America’s desire to become inbred has made us the spectacle for the world.  Growing up in the sixties the message of inclusivity was in the air.  I had no idea that those a generation older were resenting it, holding grudges, waiting quietly until they could throw inequality back into the mix and use it to stay in power even as they flouted the very law that was used to put them into office.  It’s no wonder that three biographies of Adolf Hitler have been published this year.  I guess there’s a fairly easy way to tell the difference between an average person and a politician.  The average person is fed up with this charade and ready for some actual leadership.  A politician, on the other hand, revels in the game he is playing, not concerning himself in the least with the consequences.

Somebody’s Coming

Sometimes updates don’t help.  That’s because evil is so good at masquerading as righteousness that constant vigilance is required.  Michelle Goldberg’s Kingdom Coming: The Rise of Christian Nationalism was recommended to me by someone at a local church.  I’ve been giving educational talks to help people understand what Evangelicalism is, so I figured I’d better read it.  The optimistic epilogue to this otherwise excellent book allowed relief after the 2006 midterm elections.  Of course, nobody back then could’ve believed an even less intelligent president than W could ever be put forth by the GOP.  That doesn’t mean Kingdom Coming shouldn’t be read.  It should.  And it should be required reading (aw, gee!  Homework?).  There have been many studies that have demonstrated repeatedly that Christian Nationalism is highly organized and well funded.  Meanwhile intellectuals scoff that religion is dead.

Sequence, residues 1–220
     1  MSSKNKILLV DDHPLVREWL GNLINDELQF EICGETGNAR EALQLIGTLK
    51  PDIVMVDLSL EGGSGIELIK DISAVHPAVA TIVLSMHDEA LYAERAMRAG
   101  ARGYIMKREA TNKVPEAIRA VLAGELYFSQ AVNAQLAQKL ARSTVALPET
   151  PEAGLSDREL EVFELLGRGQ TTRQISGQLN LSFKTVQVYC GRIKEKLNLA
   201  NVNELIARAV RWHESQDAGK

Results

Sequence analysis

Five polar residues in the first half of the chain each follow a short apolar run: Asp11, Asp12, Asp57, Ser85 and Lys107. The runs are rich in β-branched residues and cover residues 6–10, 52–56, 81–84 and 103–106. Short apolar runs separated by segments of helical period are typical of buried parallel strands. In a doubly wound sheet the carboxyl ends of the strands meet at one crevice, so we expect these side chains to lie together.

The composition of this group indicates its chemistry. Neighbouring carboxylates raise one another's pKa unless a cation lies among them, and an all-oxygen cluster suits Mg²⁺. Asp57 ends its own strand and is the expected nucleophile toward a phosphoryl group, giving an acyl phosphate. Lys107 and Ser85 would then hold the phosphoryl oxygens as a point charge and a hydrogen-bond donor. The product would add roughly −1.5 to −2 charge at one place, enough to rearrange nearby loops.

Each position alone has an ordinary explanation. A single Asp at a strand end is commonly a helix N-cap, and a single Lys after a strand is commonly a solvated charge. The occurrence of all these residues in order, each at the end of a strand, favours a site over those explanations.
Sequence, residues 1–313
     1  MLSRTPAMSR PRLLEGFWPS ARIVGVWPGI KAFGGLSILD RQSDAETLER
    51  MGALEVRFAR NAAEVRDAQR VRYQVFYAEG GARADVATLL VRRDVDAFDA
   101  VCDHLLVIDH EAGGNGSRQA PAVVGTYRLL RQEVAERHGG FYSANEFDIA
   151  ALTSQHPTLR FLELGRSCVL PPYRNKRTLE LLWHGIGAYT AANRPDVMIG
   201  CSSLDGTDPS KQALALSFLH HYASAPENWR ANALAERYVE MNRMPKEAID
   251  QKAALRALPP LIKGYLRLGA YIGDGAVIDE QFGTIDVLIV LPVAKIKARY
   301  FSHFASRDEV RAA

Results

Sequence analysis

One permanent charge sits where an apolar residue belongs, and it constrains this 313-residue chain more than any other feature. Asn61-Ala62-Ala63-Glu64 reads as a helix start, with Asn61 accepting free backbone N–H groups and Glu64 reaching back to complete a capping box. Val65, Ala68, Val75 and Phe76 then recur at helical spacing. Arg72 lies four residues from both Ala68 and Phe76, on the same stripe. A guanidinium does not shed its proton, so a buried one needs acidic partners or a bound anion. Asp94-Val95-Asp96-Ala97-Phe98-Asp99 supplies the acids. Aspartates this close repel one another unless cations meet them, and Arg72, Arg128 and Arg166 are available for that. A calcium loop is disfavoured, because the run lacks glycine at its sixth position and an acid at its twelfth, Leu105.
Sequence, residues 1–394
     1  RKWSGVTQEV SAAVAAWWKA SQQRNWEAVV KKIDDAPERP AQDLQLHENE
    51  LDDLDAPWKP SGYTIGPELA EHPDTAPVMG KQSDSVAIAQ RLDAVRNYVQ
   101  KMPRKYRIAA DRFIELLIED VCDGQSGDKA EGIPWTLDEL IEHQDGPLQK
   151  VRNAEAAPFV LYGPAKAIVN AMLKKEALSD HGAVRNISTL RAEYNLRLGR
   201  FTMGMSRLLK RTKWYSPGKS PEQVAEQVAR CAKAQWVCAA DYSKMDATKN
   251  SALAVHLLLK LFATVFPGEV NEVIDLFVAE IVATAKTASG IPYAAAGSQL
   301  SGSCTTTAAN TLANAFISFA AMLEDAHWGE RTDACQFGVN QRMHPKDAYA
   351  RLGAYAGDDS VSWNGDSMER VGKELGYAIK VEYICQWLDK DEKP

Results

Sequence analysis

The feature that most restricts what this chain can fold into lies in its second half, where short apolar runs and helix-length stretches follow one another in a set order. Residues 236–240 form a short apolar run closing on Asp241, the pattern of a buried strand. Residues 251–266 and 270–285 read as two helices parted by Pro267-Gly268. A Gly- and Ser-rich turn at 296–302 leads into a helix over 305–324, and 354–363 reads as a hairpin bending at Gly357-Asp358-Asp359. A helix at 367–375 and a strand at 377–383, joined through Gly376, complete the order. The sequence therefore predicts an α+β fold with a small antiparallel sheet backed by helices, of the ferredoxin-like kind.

I spent most of the last week in a kind of panic.  I have another public talk coming up, and I needed to read Goldberg before that.  Yes, it is dated.  But yes, we have Trump’s bumbling form of “leadership” with a well funded, highly organized Evangelical subculture calling the shots.  Forget the politicians—they’re only interested in money—it’s everyone else who suffers from America’s growing fascism.  The fact that the GOP won’t stand up to 45 shows that we’ve already turned the corner toward das Vaterland.  Anyone the Republican Party elects from now on could be the new dictator.  Christian Nationalism stands behind this as journalists scratch their heads.

Goldberg’s book has likely been shelved because eight years of Obama made it seem like the threat was gone.  The problem is, silence works to the benefit of Christian Nationalists.  Perhaps the most frightening thing about all of this is that many intellectuals simply don’t take the threat seriously.  At the same time I was reading this, I was also reading about Nazi Germany (because I’m such a cheerful guy).  The parallels are blatant and entirely too obvious to miss.  Christian Nationalism has an agenda and it is fascist in nature.  Even obeying the words of Jesus takes second place to the political objective of making America in their own image.  This may sound alarmist, but it’s based on solid information.  The Devil, they say, is most powerful when people don’t believe in him.  Those who would make America into a theocracy would claim to follow the other guy, but looking at their tactics, it’s pretty clear who’s really in charge.

Begetting Fear